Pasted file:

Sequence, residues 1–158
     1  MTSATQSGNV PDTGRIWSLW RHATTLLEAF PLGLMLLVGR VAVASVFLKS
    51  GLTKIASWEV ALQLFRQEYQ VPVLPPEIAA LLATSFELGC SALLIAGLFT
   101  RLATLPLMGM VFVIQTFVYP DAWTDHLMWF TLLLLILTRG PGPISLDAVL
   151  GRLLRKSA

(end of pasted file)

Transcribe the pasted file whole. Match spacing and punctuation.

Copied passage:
Sequence, residues 1–158
     1  MTSATQSGNV PDTGRIWSLW RHATTLLEAF PLGLMLLVGR VAVASVFLKS
    51  GLTKIASWEV ALQLFRQEYQ VPVLPPEIAA LLATSFELGC SALLIAGLFT
   101  RLATLPLMGM VFVIQTFVYP DAWTDHLMWF TLLLLILTRG PGPISLDAVL
   151  GRLLRKSA